A Therapeutic Alliance with Youth: Building a Client's Trust Can Be a Challenging Process

By Dyer, Fred | Addiction Professional, July-August 2012 | Go to article overview

A Therapeutic Alliance with Youth: Building a Client's Trust Can Be a Challenging Process


Dyer, Fred, Addiction Professional


Therapeutic alliance is often referred to as the sine qua non of all successful clinical work. This holds true in working with adolescents with substance abuse problems, whether in inpatient, out-patient or residential settings and regardless of the service delivery mode (individual or group counseling). It is important for the counselor to remember that youths do not volunteer to enter treatment and that they will present with other problem behaviors that interact with their substance use.

An additional salient factor for counselors to consider when working with adolescents is that many of their clients can recount few positive experiences in their lives and might come from negative circumstances that can produce the cognitive schema that adults cannot be trusted and that the world is not a safe place. "I will cope and manage my life on my own terms, because no one cares what I think or feel" could be these individuals' established mantra.

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Components of alliance

The therapeutic alliance is a construct referring to a collaborative aspect of the relationship between adolescent counselor and client in the context of clinical intake interviewing, or of inpatient or outpatient substance abuse counseling. Bordin (1) lists the following components:

* An agreement between the counselor and youth about the goals of treatment.

* An agreement about the counseling tasks needed to accomplish those goals.

* An emotional bond between the counselor and adolescent client, which allows the adolescent to make clinical and therapeutic progress.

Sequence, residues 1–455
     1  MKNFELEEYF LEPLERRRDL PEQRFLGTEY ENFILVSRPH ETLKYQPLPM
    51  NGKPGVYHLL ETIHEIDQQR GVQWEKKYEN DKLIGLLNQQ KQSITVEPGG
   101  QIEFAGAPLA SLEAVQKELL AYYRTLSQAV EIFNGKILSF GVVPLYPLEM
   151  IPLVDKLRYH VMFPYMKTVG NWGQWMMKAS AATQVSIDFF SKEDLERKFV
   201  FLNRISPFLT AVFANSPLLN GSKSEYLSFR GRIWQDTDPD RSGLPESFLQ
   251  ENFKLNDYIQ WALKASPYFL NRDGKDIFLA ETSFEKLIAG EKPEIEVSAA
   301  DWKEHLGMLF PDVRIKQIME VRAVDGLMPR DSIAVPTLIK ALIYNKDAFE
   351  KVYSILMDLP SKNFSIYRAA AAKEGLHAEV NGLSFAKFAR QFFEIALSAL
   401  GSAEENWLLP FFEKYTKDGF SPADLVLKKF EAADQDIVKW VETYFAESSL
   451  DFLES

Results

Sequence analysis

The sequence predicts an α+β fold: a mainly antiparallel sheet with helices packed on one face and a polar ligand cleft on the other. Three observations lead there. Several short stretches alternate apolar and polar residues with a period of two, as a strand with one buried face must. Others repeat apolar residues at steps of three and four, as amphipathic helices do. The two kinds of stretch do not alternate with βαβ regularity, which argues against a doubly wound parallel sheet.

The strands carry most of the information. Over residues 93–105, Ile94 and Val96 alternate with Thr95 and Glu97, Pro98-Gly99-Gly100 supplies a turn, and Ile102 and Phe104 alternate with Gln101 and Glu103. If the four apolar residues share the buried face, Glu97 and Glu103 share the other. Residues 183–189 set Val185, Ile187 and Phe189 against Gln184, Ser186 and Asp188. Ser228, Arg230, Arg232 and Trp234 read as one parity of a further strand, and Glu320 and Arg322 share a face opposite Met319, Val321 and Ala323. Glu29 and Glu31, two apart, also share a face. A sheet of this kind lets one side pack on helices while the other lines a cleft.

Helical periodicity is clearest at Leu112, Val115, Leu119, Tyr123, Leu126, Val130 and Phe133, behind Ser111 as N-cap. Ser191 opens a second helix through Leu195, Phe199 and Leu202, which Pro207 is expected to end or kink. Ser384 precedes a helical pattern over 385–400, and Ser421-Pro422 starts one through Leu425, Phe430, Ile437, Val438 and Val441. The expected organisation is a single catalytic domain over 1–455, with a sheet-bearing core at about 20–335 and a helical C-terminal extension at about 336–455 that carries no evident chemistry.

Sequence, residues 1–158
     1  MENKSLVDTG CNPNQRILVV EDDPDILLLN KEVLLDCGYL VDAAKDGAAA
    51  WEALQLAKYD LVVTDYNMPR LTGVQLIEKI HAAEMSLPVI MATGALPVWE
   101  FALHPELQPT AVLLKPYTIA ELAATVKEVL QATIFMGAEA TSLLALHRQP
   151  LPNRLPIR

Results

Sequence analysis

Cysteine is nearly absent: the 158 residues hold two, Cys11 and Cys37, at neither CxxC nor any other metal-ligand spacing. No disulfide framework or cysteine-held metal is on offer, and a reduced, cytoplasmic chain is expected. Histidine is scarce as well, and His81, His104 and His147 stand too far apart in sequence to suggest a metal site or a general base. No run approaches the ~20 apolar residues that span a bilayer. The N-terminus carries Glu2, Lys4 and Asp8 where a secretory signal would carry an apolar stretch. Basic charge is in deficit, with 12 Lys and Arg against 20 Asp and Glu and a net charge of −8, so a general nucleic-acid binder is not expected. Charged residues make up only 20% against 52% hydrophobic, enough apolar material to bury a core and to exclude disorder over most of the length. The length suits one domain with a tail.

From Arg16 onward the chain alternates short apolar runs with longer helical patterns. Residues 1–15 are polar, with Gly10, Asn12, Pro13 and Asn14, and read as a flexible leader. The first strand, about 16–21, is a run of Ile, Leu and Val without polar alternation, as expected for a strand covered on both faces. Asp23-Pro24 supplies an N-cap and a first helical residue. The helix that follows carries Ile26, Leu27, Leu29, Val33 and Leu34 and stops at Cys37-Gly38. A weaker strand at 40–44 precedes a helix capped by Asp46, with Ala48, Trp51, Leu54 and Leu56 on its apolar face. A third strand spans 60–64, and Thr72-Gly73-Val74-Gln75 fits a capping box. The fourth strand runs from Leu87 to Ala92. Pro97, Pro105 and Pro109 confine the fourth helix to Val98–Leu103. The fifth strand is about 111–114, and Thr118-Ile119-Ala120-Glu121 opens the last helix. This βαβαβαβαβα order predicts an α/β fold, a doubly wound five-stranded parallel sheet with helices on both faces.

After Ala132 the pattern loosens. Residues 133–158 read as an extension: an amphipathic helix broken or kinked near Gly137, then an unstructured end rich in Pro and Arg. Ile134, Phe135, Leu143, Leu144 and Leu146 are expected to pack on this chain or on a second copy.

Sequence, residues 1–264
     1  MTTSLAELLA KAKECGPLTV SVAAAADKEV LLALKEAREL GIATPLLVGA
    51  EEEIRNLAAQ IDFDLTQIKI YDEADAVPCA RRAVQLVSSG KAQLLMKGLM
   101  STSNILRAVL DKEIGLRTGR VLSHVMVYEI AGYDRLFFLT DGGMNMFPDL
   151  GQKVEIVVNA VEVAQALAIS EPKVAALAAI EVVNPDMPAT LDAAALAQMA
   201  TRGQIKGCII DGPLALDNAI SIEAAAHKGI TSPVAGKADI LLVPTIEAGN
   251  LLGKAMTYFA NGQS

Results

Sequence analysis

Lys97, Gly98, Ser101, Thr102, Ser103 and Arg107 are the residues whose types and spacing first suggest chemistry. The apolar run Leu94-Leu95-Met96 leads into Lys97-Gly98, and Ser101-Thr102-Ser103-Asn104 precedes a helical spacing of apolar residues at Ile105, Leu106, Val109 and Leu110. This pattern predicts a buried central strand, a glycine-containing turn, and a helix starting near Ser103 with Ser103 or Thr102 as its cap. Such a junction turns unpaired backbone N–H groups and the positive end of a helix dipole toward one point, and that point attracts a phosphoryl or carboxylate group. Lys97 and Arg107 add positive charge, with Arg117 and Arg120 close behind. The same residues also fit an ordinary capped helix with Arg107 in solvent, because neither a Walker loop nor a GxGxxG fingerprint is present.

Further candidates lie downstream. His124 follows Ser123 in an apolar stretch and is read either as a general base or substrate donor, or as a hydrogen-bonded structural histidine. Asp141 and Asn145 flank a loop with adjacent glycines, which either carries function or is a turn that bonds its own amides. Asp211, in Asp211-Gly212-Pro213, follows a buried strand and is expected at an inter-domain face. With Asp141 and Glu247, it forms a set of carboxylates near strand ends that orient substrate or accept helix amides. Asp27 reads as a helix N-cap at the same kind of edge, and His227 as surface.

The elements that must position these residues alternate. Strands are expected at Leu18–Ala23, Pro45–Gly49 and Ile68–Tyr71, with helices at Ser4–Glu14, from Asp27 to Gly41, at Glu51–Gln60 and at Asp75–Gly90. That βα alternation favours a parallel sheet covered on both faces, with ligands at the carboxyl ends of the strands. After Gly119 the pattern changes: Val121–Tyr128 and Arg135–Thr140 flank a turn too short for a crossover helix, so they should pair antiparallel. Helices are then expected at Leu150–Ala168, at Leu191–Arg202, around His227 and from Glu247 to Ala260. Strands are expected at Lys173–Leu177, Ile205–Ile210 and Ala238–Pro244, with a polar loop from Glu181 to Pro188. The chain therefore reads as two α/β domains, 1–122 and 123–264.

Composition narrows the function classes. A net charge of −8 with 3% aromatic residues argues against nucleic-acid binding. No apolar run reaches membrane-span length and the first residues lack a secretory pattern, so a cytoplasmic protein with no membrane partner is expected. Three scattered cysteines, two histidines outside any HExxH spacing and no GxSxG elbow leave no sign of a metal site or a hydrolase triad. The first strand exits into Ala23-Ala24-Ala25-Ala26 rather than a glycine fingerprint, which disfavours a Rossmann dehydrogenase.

Research and clinical practice have demonstrated that a therapeutic alliance is a powerful tool for engaging adolescents, (2) and that even substance abuse counselors with limited experience can--with training, supervision and a continuing desire to promote positive change in the lives of their adolescent clients--cultivate an alliance conducive to change. (3)

It is necessary to remember that alliance building is not an event. It is an ongoing process, and little therapeutic benefit will be accomplished in its absence. Dozens of studies have provided evidence of the importance of displaying empathy in developing a therapeutic alliance for achieving positive outcomes. (4)

Counseling tools

The following items represent guidelines for counselors for cultivating a therapeutic alliance:

* Like adolescents.

* Understand adolescent development.

* Offer a snack.

* Allow the youth to occupy his/her hands while talking.

* Allow the youth to wear his/her hat, if applicable.

* Be nonjudgmental.

* Don't be a parent.

* Don't be a peer.

* Avoid lecturing.

* Don't trivialize an adolescent's concerns.

* Learn to be quiet and let the adolescent talk.

* Be supportive.

* Do not tell the adolescent what he/ she thinks.

* Look for opportunities to affirm prosocial behaviors and/or responses.

* Be emotionally and physically present.

* Acknowledge the adolescent's narcissism/strengths.

* Chase the affect.

* Maintain an objective stance.

* Promote self-efficacy.

* Offer advice if and when asked.

In proposing the aforementioned guidelines for cultivating a therapeutic alliance, below are components that work against the development of the alliance:

* Excessive writing during the interview or counseling session,

* Not listening.

* Lack of warmth.

* Lack of empathy for the youth's symptoms or circumstances.

* Patronizing.

* Criticizing.

* Trivializing the adolescent's concerns.

Studies have shown that youth-counselor relationships are the most consistent predictor of client improvement. …

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